The fact that the name "Google" is often used interchangeably with the verb "search" today speaks volumes about the current state of the search market.
"Right now it's Google's game to lose," Kevin Lee, executive chairman and cofounder of search marketing company Didit, told the E-Commerce Times. "They are synonymous with search, and thus far they've been doing a good job of executing, keeping it lean and relevant."
How long that dominance will continue is not yet clear. Yahoo, Microsoft and a number of others are trying hard to wrest control away from Google using a variety of tactics they hope will convince at least a chunk of the market to switch.
First Eyeballs, Then Money
Much of the talk about search engines today focuses on ways to monetize the technology, but really, the search war is being fought on two fronts, Lee said: "One for the eyeballs, and another for the money."
The money only happens once the eyeballs are there, he adds. "You have to get the traffic first. Until you have a significant chunk of traffic, you won't even be able to get advertisers' attention."
Getting the traffic, of course, is no easy feat if you're not Google, and traditional approaches to attracting consumers have met with only mixed success. "Even if you're better, you won't necessarily be able to convince users to switch to you unless they can perceive the difference," Lee pointed out. "In the old battle between VHS and Betamax, every technical person agreed Betamax was better, yet VHS won anyway."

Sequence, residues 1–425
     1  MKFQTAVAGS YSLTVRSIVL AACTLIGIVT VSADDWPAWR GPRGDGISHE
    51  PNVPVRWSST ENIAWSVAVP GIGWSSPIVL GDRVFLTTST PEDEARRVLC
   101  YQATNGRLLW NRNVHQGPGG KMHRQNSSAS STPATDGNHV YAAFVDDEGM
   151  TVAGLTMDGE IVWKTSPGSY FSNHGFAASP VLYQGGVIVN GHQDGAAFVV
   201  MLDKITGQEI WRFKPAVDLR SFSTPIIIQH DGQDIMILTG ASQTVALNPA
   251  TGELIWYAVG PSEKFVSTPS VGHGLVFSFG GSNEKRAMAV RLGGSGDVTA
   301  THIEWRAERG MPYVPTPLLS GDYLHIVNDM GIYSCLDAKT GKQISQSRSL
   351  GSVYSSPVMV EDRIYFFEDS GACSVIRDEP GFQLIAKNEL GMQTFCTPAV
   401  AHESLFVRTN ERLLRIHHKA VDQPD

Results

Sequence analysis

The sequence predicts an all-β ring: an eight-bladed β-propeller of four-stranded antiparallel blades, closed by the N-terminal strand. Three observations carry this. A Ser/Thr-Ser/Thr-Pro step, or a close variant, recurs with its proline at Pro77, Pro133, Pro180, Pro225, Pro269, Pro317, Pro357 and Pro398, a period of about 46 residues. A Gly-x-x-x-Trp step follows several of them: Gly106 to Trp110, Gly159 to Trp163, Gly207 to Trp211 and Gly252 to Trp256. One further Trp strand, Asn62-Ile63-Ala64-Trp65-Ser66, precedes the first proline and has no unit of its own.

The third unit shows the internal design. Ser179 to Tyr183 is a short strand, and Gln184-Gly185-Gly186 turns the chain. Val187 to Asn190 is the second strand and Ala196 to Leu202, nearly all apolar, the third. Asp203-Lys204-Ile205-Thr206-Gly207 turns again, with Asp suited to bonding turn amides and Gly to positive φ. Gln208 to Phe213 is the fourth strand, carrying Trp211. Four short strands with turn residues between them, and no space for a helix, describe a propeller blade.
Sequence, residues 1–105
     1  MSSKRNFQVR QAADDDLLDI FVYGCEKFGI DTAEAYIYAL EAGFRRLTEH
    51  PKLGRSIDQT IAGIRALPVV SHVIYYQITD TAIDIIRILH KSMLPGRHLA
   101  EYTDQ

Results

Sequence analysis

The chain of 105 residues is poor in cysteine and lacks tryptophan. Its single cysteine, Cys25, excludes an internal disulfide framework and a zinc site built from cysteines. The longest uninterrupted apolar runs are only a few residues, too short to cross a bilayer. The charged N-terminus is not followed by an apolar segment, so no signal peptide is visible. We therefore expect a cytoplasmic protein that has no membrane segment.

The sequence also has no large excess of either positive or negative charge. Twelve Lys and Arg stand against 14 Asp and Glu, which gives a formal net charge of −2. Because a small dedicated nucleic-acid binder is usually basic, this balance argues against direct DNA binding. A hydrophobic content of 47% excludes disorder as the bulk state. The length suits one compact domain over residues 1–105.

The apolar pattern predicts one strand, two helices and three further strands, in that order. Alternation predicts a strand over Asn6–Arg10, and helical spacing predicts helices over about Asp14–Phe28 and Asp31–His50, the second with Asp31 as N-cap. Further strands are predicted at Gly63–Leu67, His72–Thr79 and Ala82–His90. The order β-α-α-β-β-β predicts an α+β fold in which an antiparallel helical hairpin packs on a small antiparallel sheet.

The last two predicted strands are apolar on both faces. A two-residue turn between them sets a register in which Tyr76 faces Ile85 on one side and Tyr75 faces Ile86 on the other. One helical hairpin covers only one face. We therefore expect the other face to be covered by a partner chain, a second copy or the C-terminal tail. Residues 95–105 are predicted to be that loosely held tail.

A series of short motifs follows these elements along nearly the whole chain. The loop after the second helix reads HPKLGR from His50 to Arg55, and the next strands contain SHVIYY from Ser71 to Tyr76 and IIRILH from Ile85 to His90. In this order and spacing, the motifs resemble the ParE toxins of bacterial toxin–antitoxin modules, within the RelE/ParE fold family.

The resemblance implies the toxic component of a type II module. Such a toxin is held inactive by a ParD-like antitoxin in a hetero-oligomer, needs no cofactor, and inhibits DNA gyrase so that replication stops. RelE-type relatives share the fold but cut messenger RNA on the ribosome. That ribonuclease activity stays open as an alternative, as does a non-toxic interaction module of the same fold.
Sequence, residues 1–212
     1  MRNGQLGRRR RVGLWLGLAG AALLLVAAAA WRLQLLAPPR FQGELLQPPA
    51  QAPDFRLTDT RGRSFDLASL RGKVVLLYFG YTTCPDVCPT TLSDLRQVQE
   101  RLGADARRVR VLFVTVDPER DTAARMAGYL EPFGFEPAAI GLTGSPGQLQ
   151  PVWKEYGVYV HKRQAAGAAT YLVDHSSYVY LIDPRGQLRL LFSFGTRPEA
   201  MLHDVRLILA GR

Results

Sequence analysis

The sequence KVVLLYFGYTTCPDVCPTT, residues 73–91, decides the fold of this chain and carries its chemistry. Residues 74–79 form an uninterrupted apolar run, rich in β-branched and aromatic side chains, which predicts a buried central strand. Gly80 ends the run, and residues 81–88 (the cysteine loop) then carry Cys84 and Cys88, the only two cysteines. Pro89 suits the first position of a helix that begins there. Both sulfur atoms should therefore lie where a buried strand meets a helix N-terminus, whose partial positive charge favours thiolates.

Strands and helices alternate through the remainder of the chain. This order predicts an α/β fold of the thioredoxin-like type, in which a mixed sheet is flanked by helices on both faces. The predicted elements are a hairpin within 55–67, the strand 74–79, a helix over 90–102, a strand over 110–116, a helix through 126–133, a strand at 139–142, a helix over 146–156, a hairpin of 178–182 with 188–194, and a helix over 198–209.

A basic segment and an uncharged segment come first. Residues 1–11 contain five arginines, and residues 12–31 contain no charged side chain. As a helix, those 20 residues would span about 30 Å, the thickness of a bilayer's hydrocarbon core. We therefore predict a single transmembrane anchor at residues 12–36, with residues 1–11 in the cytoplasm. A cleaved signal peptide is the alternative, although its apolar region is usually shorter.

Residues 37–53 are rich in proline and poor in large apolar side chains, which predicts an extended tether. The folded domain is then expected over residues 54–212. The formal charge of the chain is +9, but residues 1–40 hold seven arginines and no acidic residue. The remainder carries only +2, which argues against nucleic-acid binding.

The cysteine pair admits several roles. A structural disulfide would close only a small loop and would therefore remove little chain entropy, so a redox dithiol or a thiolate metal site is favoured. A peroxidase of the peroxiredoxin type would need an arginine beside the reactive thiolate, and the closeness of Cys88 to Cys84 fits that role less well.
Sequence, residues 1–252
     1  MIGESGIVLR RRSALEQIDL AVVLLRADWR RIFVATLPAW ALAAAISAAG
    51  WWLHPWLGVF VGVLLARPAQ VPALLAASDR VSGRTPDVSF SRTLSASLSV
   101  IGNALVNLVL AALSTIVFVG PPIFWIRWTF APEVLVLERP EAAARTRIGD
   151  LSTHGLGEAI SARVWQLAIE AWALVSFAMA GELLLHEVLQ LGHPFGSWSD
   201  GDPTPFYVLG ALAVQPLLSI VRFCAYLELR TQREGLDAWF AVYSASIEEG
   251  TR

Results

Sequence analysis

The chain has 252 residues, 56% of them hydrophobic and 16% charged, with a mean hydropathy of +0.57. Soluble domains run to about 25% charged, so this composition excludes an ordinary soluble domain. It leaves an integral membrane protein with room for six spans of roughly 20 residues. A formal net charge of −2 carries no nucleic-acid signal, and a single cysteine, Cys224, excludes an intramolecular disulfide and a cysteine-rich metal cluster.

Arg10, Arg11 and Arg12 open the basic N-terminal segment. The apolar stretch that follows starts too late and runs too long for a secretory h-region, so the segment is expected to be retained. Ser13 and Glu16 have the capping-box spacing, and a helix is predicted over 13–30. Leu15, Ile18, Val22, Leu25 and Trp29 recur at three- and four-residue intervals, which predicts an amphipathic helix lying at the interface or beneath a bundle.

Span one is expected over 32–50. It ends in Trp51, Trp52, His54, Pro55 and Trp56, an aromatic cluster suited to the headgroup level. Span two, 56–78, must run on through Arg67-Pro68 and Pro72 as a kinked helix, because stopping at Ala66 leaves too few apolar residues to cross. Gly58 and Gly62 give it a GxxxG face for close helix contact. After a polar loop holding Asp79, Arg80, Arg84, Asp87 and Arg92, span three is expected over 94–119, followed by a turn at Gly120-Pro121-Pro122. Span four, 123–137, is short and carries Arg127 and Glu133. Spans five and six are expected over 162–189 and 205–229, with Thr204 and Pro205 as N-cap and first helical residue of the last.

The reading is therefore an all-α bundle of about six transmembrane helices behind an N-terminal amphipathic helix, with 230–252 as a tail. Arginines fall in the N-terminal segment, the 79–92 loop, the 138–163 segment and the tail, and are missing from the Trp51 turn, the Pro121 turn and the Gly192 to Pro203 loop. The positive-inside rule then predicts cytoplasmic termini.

An advertising campaign by Ask.com, for example, garnered underwhelming results, and other traditional techniques haven't done much better, Lee noted. One notable exception has been a game contest used by Microsoft to draw users to Live Search, which "has moved the needle," he said, in part because the product has enough unique features to stimulate trial.
Indeed, "it does still start with a great product," James Lamberti, senior vice president of Search Solutions for comScore, told the E-Commerce Times. "If done right, search is a win-win for the consumer and the engine, combining a paid ad with highly relevant information that would have taken a long time for the consumer to discover otherwise. The epiphany around search is that synergy."
Search Box Still Reigns
There are a number of different strategies being tried out in the hopes of creating a better product. Many of those focus on the search box, which is "still the dominant method of enticing users into becoming advertising customers -- there's nothing like a search box to know what people want," Whit Andrews, a research vice president with Gartner told the E-Commerce Times.
Most such efforts focus on trying to find new ways to categorize and rank information so as to maximize the relevancy of search results for users. One challenge inherent in that task is fighting off attempts to manipulate result rankings.
"The biggest unseen problem we've got coming is what I call the hostile information ecosystem," Andrews said. Included in that phenomenon is "Google-bombing" and other such deceptive efforts to alter search results.
People sometimes create pages that aren't what they say they are, for example, just to attract attention. "This has already been a problem for more than 10 years, and we're going to see a lot of different behaviors within and outside search intended to affect results," he noted.
"We live in a world where we assume search knows what it's talking about," Andrews added. "Most of the time it does, but it's very hard to tell when it doesn't."